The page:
It may remind me of my home in Detroit. Growing up, I explored so many abandoned spaces with my camera that had these beautiful dilapidated textures.

And my friends and I made art from the ruin that we found.

Sometimes my love for photographing textures is a rebellion in my own mind.

A rebellion against all of the urgency to find something “perfect” in photography as many try.

I always have had a thing against popular culture, and my stance on photography is no different.

Give me something authentic and genuine any day over popular for popularity and sheep.

New life — Copyright Charlie Naebeck All Rights Reserved.

I don’t know if I believe in reincarnation or not.

I was raised Christian, yet sometimes you feel that you are experiencing something or someone familiar.

My wife and family gave me a new kitten for my birthday this year.
Meet Boris Jr.

He is surprisingly the spitting image of my beloved Boris that I had living in Michigan that I lost one day to a traffic accident.

I was devastated on the day that my original Boris got hit, and a woman brought him to the door of the house.

I could hear his meow telling me that everything would be ok as he passed.
And somehow, he has remained inside of me — one of my best friends sharing countless adventures and lessons together.

Maybe he came back to me in this new kitten?

The new Boris Jr. has many of the same personality traits as my original cat. It is uncanny.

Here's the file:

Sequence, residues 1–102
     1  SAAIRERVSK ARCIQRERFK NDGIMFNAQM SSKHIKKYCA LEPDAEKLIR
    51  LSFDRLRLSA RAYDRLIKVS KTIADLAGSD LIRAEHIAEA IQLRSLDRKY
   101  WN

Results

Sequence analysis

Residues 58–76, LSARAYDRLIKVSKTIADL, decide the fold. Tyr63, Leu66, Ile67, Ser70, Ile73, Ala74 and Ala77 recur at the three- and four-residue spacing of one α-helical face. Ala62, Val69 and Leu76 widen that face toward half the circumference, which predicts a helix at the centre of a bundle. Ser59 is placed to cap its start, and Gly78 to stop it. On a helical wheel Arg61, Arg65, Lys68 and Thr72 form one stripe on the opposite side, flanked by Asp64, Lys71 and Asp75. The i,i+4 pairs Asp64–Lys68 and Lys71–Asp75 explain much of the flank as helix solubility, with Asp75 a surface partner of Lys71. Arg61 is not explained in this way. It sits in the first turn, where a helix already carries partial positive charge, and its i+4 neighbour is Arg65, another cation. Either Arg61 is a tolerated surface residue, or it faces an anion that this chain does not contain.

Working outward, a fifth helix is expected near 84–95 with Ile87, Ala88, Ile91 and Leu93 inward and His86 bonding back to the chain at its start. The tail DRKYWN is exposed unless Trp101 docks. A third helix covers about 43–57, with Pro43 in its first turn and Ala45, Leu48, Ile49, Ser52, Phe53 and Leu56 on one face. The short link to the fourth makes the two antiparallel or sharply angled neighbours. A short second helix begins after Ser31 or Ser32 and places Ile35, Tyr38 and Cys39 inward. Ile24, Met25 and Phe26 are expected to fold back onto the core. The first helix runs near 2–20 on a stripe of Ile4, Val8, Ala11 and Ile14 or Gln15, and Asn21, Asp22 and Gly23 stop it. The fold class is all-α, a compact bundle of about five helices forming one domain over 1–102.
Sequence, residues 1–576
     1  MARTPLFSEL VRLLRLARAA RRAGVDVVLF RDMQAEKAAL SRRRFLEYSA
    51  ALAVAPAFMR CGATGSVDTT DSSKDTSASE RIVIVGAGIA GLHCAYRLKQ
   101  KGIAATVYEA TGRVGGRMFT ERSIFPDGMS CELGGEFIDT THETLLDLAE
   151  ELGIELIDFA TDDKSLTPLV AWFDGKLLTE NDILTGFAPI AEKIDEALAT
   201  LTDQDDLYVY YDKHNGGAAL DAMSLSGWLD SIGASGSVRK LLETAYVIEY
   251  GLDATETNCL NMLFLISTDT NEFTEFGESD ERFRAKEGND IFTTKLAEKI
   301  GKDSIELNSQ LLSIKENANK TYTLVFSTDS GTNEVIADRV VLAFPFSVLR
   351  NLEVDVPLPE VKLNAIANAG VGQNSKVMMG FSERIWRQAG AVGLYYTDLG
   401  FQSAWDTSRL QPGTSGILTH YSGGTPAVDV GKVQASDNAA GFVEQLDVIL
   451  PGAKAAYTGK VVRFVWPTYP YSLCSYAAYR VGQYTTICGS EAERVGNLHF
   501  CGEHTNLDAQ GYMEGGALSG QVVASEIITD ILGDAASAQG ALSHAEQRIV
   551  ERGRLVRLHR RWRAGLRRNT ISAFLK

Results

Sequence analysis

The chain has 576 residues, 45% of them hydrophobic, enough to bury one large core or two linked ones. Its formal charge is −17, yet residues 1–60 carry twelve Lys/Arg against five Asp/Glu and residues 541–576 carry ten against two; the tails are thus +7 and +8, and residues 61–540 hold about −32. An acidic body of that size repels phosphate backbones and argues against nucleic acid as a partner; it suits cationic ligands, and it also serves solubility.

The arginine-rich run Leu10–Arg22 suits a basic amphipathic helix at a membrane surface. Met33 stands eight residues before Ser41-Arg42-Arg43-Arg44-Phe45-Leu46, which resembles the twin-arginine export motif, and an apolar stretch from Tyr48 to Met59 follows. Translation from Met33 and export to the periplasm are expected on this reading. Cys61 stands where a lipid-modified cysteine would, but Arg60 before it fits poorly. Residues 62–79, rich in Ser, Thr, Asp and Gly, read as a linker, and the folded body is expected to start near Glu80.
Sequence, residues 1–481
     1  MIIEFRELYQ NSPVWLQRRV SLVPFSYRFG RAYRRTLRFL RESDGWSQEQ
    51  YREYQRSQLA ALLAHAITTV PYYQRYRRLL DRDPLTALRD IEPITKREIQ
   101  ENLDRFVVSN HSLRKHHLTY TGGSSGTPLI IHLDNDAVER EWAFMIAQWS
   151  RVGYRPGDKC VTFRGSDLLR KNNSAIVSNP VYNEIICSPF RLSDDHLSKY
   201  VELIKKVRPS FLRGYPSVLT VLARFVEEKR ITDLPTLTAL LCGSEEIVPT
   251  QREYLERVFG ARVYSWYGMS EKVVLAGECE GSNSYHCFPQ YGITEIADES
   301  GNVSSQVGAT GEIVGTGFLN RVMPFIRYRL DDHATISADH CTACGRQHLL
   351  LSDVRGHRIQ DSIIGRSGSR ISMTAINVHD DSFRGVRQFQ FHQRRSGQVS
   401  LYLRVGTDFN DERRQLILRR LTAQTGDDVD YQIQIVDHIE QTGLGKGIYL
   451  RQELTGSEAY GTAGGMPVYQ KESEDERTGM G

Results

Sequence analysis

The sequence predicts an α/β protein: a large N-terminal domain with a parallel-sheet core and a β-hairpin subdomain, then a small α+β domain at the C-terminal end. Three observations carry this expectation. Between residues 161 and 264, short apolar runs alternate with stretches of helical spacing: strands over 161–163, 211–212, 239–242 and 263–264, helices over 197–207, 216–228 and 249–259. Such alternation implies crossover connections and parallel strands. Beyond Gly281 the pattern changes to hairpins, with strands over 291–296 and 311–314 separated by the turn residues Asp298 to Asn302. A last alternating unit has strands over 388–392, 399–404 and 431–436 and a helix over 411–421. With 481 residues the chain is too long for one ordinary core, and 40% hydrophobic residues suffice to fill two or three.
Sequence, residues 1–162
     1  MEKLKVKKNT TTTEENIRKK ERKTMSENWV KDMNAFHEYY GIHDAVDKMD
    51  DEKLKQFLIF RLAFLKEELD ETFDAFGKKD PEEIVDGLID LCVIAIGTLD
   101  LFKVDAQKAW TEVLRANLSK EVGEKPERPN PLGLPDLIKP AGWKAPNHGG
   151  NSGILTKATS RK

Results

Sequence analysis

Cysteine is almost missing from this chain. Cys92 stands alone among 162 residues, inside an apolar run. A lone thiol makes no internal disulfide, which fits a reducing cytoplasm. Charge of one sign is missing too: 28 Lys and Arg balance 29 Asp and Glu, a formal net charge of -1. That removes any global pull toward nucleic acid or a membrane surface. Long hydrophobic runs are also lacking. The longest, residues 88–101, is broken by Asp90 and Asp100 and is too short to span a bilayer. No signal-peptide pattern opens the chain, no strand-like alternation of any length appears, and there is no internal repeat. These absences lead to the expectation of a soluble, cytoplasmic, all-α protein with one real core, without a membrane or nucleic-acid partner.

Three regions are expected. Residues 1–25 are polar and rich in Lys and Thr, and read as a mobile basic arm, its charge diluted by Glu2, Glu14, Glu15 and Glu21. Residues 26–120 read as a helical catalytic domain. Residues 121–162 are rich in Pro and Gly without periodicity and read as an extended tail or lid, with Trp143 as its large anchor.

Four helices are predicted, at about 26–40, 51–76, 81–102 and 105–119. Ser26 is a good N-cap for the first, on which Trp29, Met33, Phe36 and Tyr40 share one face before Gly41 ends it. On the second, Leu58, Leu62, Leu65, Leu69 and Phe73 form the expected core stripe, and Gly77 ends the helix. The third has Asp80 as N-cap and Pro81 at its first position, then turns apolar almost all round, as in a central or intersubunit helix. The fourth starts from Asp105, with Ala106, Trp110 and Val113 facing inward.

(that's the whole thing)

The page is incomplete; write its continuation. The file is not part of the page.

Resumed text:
The one setback that I must do is to train the new kitten how to be less vocal.

He sure is a talker and likes to join in on video calls with students or important meetings in the background.

From above — Copyright Charlie Naebeck All Rights Reserved.

One of my favorite experiences visiting Colombia is the cable cars going up and down the mountains.

They remind me of being in Disney World with my family when I was around 5 or 6.

You could also travel across Disney World in the Magic Kingdom on a cable car.

I always got a kick out of looking down from above at what happened below.

Some things just don’t change — and some do.

Resting — Copyright Charlie Naebeck All Rights Reserved.

One day my wife and I set out for a hike with our cameras.

She had forgotten her memory card for her camera in her laptop and was bummed that she would not be able to shoot.

Generally, in my D750, I keep two cards. Yet, lately, I have been fond of shooting with a Sony RX100 that fits in my pocket for all these images.

Don’t get me wrong, I love my D750.

Still, it is difficult to carry a large, expensive camera in areas where people have desperate lives due to political and other conditions out of their control.

My wife always tells me to keep my eyes on the back of my head.

This is nothing new for me growing up in Detroit in very run-down areas.

So when my wife forgot her memory card, we stopped halfway up the mountain at one of the stations to see if a store had one.

As we stopped, I saw a beautiful sculpture of the Mother of Jesus, Mary.

There are a lot of these around Colombia where people stop to pray.

I pledged tithe and entered my coins in my pocket as I asked for safe passage and a pleasant day for our adventure.

And after we finished locating the memory card, we stopped at a restaurant with a view for refreshments for a moment.